Consolidation in psychedelics starts as Beckley and Eleusis combine


Psychedelic medicines company Beckley Psytech has reached an agreement to acquire its rival Eleusis Therapeutics, in alignment with predictions that the sector is heading for a period of consolidation.

Beckley has bought 100% of Eleusis, adding a short-acting intravenous psychedelic drug with potential as a treatment for depression to its own stable of therapies for depression and alcohol use disorder (AUD).

Companies developing therapies based on psychedelic drugs have sprung up like magic mushrooms in the last few years as pathways to regulatory approval became more organised, backed by investors who also bought into the promise of medicines that could treat people with intractable depression and other psychiatric conditions.

That boom time seems to be coming to an end, however, with venture capital funding starting to dry up and a downturn in value for publicly traded psychedelics companies Cybin, Atai Life Sciences, and Mind Medicine over the last year.

Now, there seems to be pressure for consolidation as the more established players in the category start to flesh out their pipelines, in some cases taking advantage of the reduced valuation of those assets.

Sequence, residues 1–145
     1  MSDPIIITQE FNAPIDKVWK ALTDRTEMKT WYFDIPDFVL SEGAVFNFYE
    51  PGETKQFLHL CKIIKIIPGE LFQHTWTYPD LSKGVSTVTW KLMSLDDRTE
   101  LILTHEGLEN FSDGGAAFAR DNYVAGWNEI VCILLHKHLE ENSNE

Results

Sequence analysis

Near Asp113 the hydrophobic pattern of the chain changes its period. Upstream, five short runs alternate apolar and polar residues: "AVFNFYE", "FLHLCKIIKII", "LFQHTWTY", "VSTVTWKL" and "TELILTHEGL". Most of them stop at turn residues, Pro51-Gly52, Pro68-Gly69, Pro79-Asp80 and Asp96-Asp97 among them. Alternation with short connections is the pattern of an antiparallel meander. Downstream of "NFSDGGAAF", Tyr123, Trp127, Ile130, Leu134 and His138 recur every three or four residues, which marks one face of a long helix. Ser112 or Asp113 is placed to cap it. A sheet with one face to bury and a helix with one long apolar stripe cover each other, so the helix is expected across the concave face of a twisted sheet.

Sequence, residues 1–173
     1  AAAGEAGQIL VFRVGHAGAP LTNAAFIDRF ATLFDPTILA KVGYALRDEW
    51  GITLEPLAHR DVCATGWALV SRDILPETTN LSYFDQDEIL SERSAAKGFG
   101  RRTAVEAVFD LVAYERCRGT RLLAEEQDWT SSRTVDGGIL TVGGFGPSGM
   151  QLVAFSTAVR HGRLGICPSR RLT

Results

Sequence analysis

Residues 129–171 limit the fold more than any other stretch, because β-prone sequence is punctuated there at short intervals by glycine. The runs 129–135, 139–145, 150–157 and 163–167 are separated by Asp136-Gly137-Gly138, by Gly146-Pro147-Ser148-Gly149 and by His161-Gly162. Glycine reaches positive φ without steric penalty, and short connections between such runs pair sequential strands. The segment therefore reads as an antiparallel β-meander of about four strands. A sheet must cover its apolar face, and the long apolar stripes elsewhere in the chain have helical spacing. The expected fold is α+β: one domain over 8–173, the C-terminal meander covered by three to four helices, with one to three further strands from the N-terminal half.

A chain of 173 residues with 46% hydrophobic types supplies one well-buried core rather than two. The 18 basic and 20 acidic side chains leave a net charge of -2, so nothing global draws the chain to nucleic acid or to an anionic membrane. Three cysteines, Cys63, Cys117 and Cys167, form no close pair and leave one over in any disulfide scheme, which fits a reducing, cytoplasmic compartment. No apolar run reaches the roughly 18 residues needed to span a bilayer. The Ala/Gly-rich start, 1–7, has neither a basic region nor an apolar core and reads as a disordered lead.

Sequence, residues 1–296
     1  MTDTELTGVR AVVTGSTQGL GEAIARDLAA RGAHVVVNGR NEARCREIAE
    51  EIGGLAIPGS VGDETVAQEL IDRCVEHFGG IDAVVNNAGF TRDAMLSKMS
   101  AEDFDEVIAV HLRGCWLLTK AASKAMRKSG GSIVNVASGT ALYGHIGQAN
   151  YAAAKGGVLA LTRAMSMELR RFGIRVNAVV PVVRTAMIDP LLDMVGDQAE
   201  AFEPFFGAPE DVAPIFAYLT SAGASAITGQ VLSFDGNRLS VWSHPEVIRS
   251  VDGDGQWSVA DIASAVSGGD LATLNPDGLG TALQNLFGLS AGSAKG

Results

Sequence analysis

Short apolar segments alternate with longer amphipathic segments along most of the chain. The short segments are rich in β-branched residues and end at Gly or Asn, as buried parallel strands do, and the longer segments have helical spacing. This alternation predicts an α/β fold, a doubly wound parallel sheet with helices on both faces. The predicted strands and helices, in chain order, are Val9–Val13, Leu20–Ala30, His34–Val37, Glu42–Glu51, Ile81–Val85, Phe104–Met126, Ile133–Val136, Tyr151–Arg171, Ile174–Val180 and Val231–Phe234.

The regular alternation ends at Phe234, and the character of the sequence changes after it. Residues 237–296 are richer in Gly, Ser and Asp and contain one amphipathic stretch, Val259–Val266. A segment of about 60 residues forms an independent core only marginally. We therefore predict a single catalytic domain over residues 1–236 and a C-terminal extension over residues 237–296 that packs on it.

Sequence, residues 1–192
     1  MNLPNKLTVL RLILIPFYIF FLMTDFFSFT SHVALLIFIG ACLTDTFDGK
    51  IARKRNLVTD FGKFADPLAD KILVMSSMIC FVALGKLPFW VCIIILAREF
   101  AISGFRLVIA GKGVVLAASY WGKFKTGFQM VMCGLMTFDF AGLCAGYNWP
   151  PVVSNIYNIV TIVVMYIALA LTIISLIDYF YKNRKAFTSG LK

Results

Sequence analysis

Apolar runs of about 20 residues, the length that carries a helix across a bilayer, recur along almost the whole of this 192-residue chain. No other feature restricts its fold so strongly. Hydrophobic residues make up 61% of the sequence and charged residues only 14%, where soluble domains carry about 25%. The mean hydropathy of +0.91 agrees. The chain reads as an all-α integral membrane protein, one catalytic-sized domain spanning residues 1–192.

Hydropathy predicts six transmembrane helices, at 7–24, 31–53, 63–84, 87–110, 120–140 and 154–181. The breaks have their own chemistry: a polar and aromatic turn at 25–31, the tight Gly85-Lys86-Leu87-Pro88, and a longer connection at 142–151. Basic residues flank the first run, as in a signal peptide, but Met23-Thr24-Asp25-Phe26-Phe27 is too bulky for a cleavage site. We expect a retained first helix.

Beckley's takeover of Eleusis brings together two UK players in the psychedelics category with complementary pipelines. Eleusis' lead candidate is ELE-101 – a patented IV formulation of psilocin, the active metabolite of magic mushroom compound psilocybin – which is in preparation for first-in-human testing.

ELE-101 offers a rapid onset, significantly shorter treatment duration and less variability compared to oral formulations of psilocybin, according to Beckley, which now plans to start a single ascending dose study in healthy volunteers before the end of the year, ahead of a phase 2 proof-of-concept study in people with depression in 2023.

It also claims ownership of a library of novel psychedelic compounds which will add to its pipeline of new drugs "for use in psychiatry and beyond," said the company in a statement.

Eleusis' drug will slot into Beckley's pipeline alongside lead drug BPL-003, an intranasal formulation of psychoactive compound 5-methoxy-N,N-dimethyltryptamine (5-MeO-DMT) heading for phase 2 studies in depression and AUD in combination with psychotherapy.

SUNHA candidate dropped

There's also been some consolidation of Beckley's own pipeline, however, as the company has decided to abandon development of oral psilocybin for the treatment of short-lasting unilateral neuralgiform headache attacks (SUNHA), a debilitating condition that is estimated to affect 40,000 patients in US and Europe.

Beckley said the decision will allow it to "maintain the efficient use of resources and prioritise the most promising clinical assets in its portfolio."

Photo by Artur Kornakov on Unsplash